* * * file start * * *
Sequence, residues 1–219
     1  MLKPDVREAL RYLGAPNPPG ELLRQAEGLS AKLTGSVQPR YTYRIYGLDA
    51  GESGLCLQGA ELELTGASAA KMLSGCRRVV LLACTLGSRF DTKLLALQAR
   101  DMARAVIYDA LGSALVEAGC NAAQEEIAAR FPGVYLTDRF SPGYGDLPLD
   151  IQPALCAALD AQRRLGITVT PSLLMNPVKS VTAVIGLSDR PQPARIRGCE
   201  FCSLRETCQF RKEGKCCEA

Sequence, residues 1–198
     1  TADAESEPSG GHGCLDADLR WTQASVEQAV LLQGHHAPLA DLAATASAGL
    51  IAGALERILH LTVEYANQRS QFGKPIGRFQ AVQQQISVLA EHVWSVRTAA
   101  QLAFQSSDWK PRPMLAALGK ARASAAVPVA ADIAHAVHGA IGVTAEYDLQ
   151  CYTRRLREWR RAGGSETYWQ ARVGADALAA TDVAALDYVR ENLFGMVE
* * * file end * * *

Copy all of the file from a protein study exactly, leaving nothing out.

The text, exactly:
Sequence, residues 1–219
     1  MLKPDVREAL RYLGAPNPPG ELLRQAEGLS AKLTGSVQPR YTYRIYGLDA
    51  GESGLCLQGA ELELTGASAA KMLSGCRRVV LLACTLGSRF DTKLLALQAR
   101  DMARAVIYDA LGSALVEAGC NAAQEEIAAR FPGVYLTDRF SPGYGDLPLD
   151  IQPALCAALD AQRRLGITVT PSLLMNPVKS VTAVIGLSDR PQPARIRGCE
   201  FCSLRETCQF RKEGKCCEA

Sequence, residues 1–198
     1  TADAESEPSG GHGCLDADLR WTQASVEQAV LLQGHHAPLA DLAATASAGL
    51  IAGALERILH LTVEYANQRS QFGKPIGRFQ AVQQQISVLA EHVWSVRTAA
   101  QLAFQSSDWK PRPMLAALGK ARASAAVPVA ADIAHAVHGA IGVTAEYDLQ
   151  CYTRRLREWR RAGGSETYWQ ARVGADALAA TDVAALDYVR ENLFGMVE